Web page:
And Balthasar expresses the tremendous thought that ministry in the Church, from its first representative, has to do with vicariously bearing guilt. "Woe to us, if there is no longer the point where the sin of us all gathers to manifest itself, just as the poison circulating in the organism concentrates in one place and bursts out like an abscess. And so blessed is the office - be it pope, bishops, or simple priests who stand firm, or anyone who takes allusion when it is said 'the Church should' - who gives himself to this function of being the focus of the disease" (Clarifications. On the examination of spiritsFribourg 1971, 9).

For those who find these statements too bitter, there are the fruits of this bitterness. They come from Jacob's ceaseless struggle, without which the old and the new Israel are unthinkable. This intertwining of challenge and blessing, of resistance and victory, of night and final dawn, is a message of the essence of God and the essence of the elect. God's power does not come by smashing. It demands a maximum of strength, a "optimum virtutis"but it does not overwhelm. As resistance it even wants to be grasped as love. What comes as resistance and apparent counter-power, comes - when the good fight is fought - as blessing. That is why there is something steely and unattainable in the Pope's calm and vulnerable figure. Precisely his trips abroad, considered in advance a failure, for example the trip to England, or also to the difficult Germany, became remarkable victories. An Italian rock singer considered him "cool". It may be an unsubtle buzzword, but it hits the nail on the head.

I apologize for quoting Goethe for the third time, this time for the sake of a depth that is comparable in these two Germans. The quote comes from Goethe's great geological essay on granite rocks, an image that - in my opinion - is also somewhat symbolic of Joseph Ratzinger's way of being: "So lonely, I say, does man feel that he only wants to open his soul to the oldest, earliest and deepest feelings of truth".

Benedict XVI and the Logos

So the last thought goes to the truth that is above this pontificate. When was the vindication of reason last defended by a Pope in such a relentless, yet attractive way? And when was the reasonableness of faith and the ecumenism of reason, existing already since Greek antiquity, which can bring together philosophies, theologies and sciences? The Song of Songs of the Logos by Benedict XVI accesses precisely to the "court of the Gentiles", and has stimulated a conversation that leaves the stagnation of the postmodern void of meaning. Jerusalem "has to do" with Athens, and that despite all the verdicts, be they of a sectarian orthodoxy, on the one hand, or of a sectarian science, on the other. "You can't tighten a rope if you only hold it on one side," said Heiner Müller, the playwright of the German Democratic Republic, in connection with the (apparently lost) beyond (Lettre international 24, 1994). Thus, with Joseph Ratzinger, patristics awakens to an unexpected new life, which owes to the Logos the discernment of the spirits, in order to implant the wisdom of the ancient world in the young Christianity. In this way, it not only "saves" antiquity and the early Church for the new age, but also rescues the present moment from its contradictory shrugging of shoulders about truth. There is a piety of thought, which is at the same time conversion to reality.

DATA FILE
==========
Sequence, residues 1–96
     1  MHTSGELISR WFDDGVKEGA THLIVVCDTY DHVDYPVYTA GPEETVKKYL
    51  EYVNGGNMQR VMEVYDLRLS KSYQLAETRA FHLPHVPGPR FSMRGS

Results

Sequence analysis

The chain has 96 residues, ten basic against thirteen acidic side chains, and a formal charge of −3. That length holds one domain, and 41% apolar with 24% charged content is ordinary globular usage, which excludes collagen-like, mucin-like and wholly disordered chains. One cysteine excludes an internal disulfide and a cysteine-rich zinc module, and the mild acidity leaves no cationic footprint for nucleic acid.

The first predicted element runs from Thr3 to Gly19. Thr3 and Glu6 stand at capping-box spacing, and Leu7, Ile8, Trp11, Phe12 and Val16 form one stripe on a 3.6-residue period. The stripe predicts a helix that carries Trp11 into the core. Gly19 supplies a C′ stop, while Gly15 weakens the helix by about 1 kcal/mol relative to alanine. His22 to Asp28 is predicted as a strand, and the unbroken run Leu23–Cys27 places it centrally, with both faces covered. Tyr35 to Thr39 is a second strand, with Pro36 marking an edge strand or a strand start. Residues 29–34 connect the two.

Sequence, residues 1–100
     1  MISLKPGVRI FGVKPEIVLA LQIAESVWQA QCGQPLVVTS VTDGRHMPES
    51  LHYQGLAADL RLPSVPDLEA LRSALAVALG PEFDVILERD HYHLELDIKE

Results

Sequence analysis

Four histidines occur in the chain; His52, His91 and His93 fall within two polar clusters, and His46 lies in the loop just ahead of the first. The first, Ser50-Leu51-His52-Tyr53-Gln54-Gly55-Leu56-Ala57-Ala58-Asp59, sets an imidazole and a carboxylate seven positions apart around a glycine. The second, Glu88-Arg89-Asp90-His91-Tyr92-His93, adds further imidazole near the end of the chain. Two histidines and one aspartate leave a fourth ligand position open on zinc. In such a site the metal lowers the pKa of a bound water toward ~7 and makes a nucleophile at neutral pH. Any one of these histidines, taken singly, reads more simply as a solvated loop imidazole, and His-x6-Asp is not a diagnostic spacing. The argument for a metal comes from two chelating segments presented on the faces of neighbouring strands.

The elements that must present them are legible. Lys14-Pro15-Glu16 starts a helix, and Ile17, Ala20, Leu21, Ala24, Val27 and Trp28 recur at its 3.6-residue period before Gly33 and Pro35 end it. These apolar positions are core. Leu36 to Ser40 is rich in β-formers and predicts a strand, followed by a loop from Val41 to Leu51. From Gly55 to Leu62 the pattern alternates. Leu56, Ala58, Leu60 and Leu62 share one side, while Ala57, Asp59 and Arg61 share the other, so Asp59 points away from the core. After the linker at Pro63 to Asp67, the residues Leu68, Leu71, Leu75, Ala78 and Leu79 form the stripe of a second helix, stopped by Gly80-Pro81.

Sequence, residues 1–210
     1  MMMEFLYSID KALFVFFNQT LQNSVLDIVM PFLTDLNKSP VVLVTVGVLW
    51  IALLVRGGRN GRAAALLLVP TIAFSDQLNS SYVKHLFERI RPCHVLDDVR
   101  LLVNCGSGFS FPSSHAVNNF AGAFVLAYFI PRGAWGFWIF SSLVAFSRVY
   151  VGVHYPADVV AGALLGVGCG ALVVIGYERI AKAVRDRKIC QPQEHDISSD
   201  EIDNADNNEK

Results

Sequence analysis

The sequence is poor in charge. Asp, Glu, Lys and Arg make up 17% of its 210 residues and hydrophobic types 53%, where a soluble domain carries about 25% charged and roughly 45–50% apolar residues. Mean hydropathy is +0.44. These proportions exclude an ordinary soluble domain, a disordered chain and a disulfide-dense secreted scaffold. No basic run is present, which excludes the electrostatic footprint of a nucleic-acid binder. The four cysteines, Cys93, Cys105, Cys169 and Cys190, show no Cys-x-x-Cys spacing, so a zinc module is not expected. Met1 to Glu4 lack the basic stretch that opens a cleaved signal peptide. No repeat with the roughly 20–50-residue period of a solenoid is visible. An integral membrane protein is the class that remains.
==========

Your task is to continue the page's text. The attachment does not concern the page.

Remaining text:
This ability to clarify the ungraspable, the controversial, with faith in the possibility of truth, was already in place from the beginning, and became visible very early on. Let us listen to the voice of Ida Friederike Görres (1901-1971), the incorruptible. In a letter of November 28, 1968, to Paulus Gordan, a Benedictine in Beuron, she writes about the "ecclesiastical distress" that is observed throughout the country in the face of the rapid collapse of a certain provincial Catholicism as a result of the propaganda of 1968. But now, she adds, she has found her "prophet in Israel", a young Professor Ratzinger in Tübingen, unknown to her until then, who could become "the theological conscience of the German Church".

"Ecce, unus propheta in Israel". With these lines I would like to express my heartfelt thanks to the late Pope Emeritus Benedict XVI.

The authorHanna-Barbara Gerl-Falkovitz

Ratzinger Prize 2021